What we tend to find most often in Europe is white miso, also referred to as shiromiso. White miso ranges from a light yellow to a light brown colour and is often made using rice. This lighter type tends to have less salt and more koji, which speeds up the fermentation process. The result is a paste that is only fermented for six months and has a sweeter and light fermented flavor. Shiromiso tends to be produced and consumed in Kyoto, and the Northern part of Japan, where there is a large concentration of rice cultivation.

Dark red or brown miso, also known as akamiso has a deeper flavour and salty edge. This darker type is made using more salt, which enables for longer fermentation time, from one to three years. This yields a paste that has a complex, umami-rich flavor.

The southern Japanese regions tend to use darker miso pastes, often made with barley. 


Miso is a wonderfully versatile seasoning that has a rich, umami, meatlike flavour. It lends itself really well as a base for stock, but can also be used in a surprising variety of dishes. One of our absolute favourite concoctions is used in sauces, stews or marinades.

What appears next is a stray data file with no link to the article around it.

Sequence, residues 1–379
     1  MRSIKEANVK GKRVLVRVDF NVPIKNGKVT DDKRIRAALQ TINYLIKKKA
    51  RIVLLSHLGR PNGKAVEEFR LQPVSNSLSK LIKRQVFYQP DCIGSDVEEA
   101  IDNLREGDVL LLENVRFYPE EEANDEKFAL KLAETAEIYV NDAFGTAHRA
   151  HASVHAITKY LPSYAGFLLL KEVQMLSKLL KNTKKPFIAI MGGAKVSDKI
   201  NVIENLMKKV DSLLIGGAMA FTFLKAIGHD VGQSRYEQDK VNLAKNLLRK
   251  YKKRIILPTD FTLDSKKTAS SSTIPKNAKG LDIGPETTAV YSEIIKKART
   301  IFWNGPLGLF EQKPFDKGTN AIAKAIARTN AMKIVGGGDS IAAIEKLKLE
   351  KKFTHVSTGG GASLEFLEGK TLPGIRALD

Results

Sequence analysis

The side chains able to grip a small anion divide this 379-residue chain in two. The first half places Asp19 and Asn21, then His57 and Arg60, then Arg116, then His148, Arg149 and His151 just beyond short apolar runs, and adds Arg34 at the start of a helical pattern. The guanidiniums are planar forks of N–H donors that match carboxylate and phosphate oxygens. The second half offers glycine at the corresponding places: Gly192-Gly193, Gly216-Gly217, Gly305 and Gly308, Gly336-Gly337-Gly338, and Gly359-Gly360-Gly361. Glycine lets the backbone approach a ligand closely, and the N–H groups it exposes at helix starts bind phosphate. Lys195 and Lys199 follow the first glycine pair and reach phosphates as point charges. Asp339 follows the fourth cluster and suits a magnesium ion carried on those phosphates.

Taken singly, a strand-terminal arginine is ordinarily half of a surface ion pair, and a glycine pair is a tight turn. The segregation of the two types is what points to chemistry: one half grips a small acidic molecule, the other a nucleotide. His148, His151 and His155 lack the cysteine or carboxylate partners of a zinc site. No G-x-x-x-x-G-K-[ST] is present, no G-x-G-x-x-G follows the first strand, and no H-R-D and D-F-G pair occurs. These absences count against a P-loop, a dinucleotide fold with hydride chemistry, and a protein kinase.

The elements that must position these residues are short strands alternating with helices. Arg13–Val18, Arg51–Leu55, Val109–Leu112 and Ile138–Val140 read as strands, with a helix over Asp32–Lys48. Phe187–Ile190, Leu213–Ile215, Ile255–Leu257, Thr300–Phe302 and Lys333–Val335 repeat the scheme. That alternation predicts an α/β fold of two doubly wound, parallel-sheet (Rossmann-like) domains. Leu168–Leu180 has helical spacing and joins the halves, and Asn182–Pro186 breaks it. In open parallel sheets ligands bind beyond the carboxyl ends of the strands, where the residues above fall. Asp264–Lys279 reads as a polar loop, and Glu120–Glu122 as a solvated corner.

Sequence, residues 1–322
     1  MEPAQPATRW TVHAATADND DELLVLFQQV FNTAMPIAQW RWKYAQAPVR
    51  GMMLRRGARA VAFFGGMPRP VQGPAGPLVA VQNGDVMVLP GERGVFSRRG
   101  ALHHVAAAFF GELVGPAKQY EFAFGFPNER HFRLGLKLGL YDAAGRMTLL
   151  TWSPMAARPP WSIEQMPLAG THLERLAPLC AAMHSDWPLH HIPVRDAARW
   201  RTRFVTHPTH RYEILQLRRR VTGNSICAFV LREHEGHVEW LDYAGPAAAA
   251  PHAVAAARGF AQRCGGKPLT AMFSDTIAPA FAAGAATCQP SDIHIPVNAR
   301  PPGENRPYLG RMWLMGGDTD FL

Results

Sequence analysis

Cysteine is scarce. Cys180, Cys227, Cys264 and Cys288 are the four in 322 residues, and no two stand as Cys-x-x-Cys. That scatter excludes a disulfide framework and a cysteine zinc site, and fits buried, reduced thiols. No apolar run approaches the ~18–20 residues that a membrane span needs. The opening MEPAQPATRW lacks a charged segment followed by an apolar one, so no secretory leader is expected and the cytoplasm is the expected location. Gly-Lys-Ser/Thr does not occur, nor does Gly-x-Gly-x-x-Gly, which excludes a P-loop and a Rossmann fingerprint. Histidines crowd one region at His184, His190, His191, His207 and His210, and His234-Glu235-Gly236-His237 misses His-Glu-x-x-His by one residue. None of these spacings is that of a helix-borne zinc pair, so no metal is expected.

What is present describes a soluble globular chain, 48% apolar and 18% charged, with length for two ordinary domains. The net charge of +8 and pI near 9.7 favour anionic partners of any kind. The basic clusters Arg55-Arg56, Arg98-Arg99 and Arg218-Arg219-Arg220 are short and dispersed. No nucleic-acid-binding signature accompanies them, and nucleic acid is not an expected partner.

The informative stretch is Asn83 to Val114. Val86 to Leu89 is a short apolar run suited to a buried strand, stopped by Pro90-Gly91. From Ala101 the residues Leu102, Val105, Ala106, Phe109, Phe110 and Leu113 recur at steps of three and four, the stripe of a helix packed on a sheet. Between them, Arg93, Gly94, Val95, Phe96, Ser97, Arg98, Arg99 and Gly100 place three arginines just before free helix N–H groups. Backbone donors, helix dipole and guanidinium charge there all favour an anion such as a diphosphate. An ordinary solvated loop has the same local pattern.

We use the umami-packed flavours of barley miso to add depth of flavour to this Beef Bourguignon stew. The darker type of miso is richer and stronger in flavour and works well with bold flavours, like this red wine beef stew.

For lighter dishes, such as chicken stews or vegetarian dishes a lighter type of miso would work well. 


Not only does miso enhance meaty stews, but it also is a brilliant vegan flavour bomb. Because it is so concentrated in flavour, it will make your broth taste as though you've been simmering it for hours! It works brilliantly with meaty shiitake mushrooms spinach and tofu in this noodle hotpot.